In 2016, countries that were members of the European Union (EU) voted to end roaming charges affecting the bloc.
This means people on holiday to a foreign destination within one of the Member States will be able to access their data, text and call allowances at no additional cost.
But now that the UK is no longer a member, those rules no longer apply to our citizens.
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And some mobile phone operators have responded by announcing that they are reintroducing roaming charges in the EU for some of their customers.
This means people who want to go on vacation or visit countries within the EU may have to pay a fee to use their call, text and data allowances.
So, what are the policies of each UK mobile network? And how much could I potentially have to stump up using my call, data and text allowances if I move to the EU? Here’s what we know.
Which phone networks have reintroduced EU roaming charges and which have not?
Depending on which mobile network you’re signed up for, you’ll be charged for roaming inside the EU.
Be aware, however, that these costs do not apply to the Republic of Ireland, where no network in this country will charge for usage.
EE has announced that it will charge some customers for the use of their data, text and minute allowances while traveling in the EU.
The changes come from March 3, 2022 and affect those taking out contracts after July 7, 2021.
The EU is offering a fixed amount for use with data, call and text allowances while traveling in the EU of £2 per day.
Alternatively or for longer-term travel, you can use the company’s Roam Abroad add-on at a cost of £10 per month, which will cover EU use.
Vodafone has also announced that it will charge some customers for the use of their data, text and minute allowances when traveling to EU countries.
Various tariffs are being offered to the customers. If you withdraw your plan before August 11, 2021, you are unaffected by changes to roaming within the EU.
However, if your contract is after this date and you are on a Standard plan, you will need to pay £2 per day for the use of your allowances in the EU. You can also get an eight-day or 15-day pass at a cost of £1 per day.
However, if you’re on a Vodafone Basic plan, you won’t be able to move around the EU at all, and will only be able to make emergency calls.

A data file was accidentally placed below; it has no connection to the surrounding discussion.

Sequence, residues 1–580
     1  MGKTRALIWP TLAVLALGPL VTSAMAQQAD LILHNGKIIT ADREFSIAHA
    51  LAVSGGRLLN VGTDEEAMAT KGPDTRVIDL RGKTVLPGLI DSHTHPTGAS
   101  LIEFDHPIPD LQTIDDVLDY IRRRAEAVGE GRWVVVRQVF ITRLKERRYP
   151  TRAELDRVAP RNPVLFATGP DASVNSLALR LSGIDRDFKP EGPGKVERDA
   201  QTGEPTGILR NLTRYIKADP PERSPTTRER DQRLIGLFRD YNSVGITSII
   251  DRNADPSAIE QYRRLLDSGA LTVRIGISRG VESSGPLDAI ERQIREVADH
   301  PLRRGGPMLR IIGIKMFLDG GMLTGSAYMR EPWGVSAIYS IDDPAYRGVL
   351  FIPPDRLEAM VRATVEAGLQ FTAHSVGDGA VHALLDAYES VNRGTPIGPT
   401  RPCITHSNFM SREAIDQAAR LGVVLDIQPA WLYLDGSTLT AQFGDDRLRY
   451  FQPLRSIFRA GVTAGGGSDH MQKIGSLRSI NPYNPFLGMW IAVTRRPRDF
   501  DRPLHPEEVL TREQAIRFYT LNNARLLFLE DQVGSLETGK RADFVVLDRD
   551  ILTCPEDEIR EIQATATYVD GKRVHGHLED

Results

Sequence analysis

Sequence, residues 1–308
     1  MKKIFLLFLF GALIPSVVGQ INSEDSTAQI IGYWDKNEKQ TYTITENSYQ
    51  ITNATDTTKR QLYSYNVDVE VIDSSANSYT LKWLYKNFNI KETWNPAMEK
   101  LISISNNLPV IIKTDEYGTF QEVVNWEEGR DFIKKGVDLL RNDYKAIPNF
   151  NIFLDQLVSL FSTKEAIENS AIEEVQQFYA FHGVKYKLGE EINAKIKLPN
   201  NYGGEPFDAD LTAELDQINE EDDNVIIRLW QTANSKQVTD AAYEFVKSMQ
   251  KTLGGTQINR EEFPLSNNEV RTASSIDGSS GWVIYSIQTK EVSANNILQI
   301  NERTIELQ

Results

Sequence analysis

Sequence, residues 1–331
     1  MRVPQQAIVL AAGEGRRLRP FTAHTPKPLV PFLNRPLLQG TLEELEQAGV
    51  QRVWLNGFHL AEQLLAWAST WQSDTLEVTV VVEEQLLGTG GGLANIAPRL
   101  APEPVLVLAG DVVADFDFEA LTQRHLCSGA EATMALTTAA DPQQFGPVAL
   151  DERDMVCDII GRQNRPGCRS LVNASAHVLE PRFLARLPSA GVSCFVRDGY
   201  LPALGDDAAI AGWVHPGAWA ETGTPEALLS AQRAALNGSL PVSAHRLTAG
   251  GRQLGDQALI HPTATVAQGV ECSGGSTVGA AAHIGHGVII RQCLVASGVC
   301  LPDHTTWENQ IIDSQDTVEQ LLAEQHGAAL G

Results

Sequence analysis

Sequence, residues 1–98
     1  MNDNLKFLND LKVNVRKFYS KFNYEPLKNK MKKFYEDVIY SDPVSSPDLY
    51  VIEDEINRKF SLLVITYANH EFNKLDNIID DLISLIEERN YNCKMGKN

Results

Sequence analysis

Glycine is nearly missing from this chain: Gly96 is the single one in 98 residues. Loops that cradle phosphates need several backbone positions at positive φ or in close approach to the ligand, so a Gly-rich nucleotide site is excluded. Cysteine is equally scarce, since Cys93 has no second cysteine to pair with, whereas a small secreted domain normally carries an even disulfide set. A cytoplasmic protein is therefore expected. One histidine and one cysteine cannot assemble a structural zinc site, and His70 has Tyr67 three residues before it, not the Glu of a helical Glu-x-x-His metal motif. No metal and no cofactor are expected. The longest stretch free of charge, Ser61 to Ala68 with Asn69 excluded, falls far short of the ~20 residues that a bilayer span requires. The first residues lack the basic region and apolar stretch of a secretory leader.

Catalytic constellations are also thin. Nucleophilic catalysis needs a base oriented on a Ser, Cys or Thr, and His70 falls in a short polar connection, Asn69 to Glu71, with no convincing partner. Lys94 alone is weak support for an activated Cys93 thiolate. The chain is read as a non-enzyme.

The changes come from January 31, 2022.
Three is planning to introduce roaming charges for customers traveling inside the European Union.
The network has announced a fee of £2 per day for those new customers or those upgrading from October 2021. Those before that date will be unaffected.
The changes will be effective from May 23, 2022.
O2 is one of the big mobile network operators that has not announced the return of roaming charges within the EU for now, but that could change in the future.
They, in the summer of 2021, brought a 25GB roaming cap, which means you won’t be charged anything extra as long as your usage is within that limit.
This is useful for people who are going abroad to the EU on vacation, as they probably won’t be of much use, but if you’re traveling for an extensive period of time for business, for example, if you’re on the go. If you go, you may incur charges.
O2 says it considers improper use of its 25GB policy more than 63 days of usage in any four-month period. If this happens to you, you will receive a message from the company.
If you use more than 25GB or your EU usage is deemed inappropriate, you will be charged £3.50 per GB for data, 3.3p per minute for calls and 1p for text messages sent.
Some mobile networks have not said whether they plan to roll back roaming charges for customers traveling to the EU.
Although we know, for example, Virgin Mobile does not intend to do so and neither does Sky Mobile, at present, anyway. Information on the latter’s website says that customers can sign up for a roaming passport, allowing them duty-free access to their data, text and minute allowances in 30 EU and European Economic Area countries.
GiffGaff is also not reintroducing EU roaming charges with information on its website: “Our plans can be used in the EU and selected destinations just as you use them at home and at no additional cost.” Of.”